As I was typing this, I got a call from a potential landlord/homeshare situation. She told me that she’d rethought her offer; living together is not going to work out for some very practical reasons.

But here’s the crazy thing. She just happens to own a business manufacturing and distributing products; she also needs help organizing a room full of product samples. I love helping people organize their stuff, and I need advice about how to take get MuseCubes mass produced. Neither of us have the cash to pay the other, but we do have valuable skills we can trade. Huh!

So here I go, off into my birthday weekend (I turn 36 on Sunday). I’ll continue telling myself — and the world — what I really, really want — and trusting that it’ll show up, although perhaps in a form I never expected.

The Joy Diet ~ Fake Truth, Real Truth

Gretchen Grimmacing

Sorry about the gross picture.

But it can’t be helped. This week I’ve been telling the truth.

And the truth is not pretty. In fact, she can be pretty darn grotesque sometimes.

All this truth telling is related to the book The Joy Diet, which I’m reading with about 100 other bloggers. One chapter a week, we do the assignments that author Martha Beck suggests. Last time we had to do Nothing for 15 minutes a day. This week…

The Assignment

…we had to tell ourselves the Truth. She recommended the following series of questions as our primary Truth Excavation Tools (adapted from the powerful work of Byron Katie):

  • What am I feeling?
  • What hurts?
  • What is the painful story I am telling?
  • Can I be sure my painful story is true?
  • Is my painful story working?
  • Can I think of another story that might work better?

Writing Down My Truth

I discovered that I was much more able to tell the truth when I wrote it down; if I just thought about the truth, I easily got distracted.  Here’s what I wrote in my journal one night this week:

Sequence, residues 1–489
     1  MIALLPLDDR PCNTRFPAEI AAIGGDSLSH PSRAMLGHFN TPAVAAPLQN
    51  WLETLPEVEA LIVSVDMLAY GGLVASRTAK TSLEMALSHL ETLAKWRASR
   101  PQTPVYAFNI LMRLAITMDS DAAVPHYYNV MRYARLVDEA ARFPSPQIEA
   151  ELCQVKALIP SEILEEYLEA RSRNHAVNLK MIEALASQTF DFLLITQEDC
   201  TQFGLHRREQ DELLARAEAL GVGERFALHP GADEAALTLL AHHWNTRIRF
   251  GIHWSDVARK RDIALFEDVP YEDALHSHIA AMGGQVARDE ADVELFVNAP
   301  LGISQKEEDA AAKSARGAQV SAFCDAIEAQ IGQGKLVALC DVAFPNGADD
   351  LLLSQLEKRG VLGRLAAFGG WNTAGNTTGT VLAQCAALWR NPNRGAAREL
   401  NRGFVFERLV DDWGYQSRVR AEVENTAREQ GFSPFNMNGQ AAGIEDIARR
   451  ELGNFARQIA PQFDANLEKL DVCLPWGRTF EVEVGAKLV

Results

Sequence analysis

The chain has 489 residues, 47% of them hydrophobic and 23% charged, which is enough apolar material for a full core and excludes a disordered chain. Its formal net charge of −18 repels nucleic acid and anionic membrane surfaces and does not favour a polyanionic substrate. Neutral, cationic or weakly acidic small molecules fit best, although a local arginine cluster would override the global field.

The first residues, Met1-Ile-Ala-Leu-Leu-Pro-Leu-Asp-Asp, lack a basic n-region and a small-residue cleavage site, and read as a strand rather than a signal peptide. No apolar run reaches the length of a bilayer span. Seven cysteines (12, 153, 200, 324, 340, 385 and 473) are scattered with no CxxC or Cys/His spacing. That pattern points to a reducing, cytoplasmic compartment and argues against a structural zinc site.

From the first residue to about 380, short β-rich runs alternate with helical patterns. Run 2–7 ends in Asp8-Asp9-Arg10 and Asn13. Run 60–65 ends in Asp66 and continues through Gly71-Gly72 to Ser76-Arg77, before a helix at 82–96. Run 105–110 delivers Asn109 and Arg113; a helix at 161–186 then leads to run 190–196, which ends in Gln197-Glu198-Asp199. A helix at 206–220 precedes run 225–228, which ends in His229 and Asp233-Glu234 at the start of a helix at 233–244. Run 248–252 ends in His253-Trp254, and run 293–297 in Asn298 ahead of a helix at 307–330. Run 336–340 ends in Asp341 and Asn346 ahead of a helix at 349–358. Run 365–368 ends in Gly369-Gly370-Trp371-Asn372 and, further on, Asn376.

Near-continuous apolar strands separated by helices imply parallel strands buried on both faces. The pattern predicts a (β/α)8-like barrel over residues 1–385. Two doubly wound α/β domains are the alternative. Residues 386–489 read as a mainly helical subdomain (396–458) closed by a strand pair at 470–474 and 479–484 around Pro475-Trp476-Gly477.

I am feeling sad, grateful, and anxious. My back hurts where my bed is digging in. My throat is itchy. My chest vibrates the way it does when I’m being honest.

The painful story I am telling is that I will not have community, friendship, or love when I move to a new apartment.  I am also telling myself that the stress of the move will keep me from focusing on MuseCubes the way I need in order to prepare for the holiday shopping season.

I cannot be sure these painful stories are true. They certainly do not work to bring ease and joy into my life.

Another story I could tell myself is this: I will have community, love and friendship in my new space; those are always available to me, no matter where I live.   I will find the perfect space to accommodate my MuseCubes and I will have exactly enough energy to nurture the business.

The Truth Made Physical

This approach to truth telling is pretty brilliant, if you ask me. The questions cut straight to the core of my hurt, and help me embrace a new, more joyful story.

But there’s a serious flaw to the process — my inner toddler is stubborn!!!  Most of the time when I’m stuck in my hurt, I don’t WANT to embrace the new, happy, glass-is-full story. In fact, I just want to kick all that positivity out the frickin’ window, screaming “Lies! Lies!!  I will NOT find a perfect new apartment and I will NOT have enough time for my business, and you can’t MAKE me!!!”

That’s where exformation comes in.  Exformation is the practice of doing something physical to release all the information — the too muchness! — that we collect throughout our days.

Once a month my friend Beandrea and I meet in her living room to witness each other’s exformation.  Exformation can look like a lot of different things, but for Beandrea and me, it’s a mini-performance. One of us sits and watches; the other stands in the middle of her living room and then spends the next ten minutes (or so) doing whatever we need to do to process our Too Muchness.

Yesterday I yelled, kicked, howled and flung my limbs in a chaotic, crazy dance. Yaaaaaaaaaaa! Bam!! Boom! Awooooooo!!!

Oh that felt good. And I felt soooooo calm at the end of it all.

It occurred to me that exformation is like the truth-telling process from The Joy Diet — only made physical.

What am I feeling? Kick! Growl! Blech!!

What is the story I’m telling myself that causes pain? Life is hard! Life is too much!!